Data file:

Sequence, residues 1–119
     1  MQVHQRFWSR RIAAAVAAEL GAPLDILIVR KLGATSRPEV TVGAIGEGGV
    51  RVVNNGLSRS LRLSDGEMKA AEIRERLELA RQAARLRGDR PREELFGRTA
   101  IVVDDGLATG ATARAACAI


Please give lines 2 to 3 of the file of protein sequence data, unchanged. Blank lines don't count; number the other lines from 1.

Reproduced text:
     1  MQVHQRFWSR RIAAAVAAEL GAPLDILIVR KLGATSRPEV TVGAIGEGGV
    51  RVVNNGLSRS LRLSDGEMKA AEIRERLELA RQAARLRGDR PREELFGRTA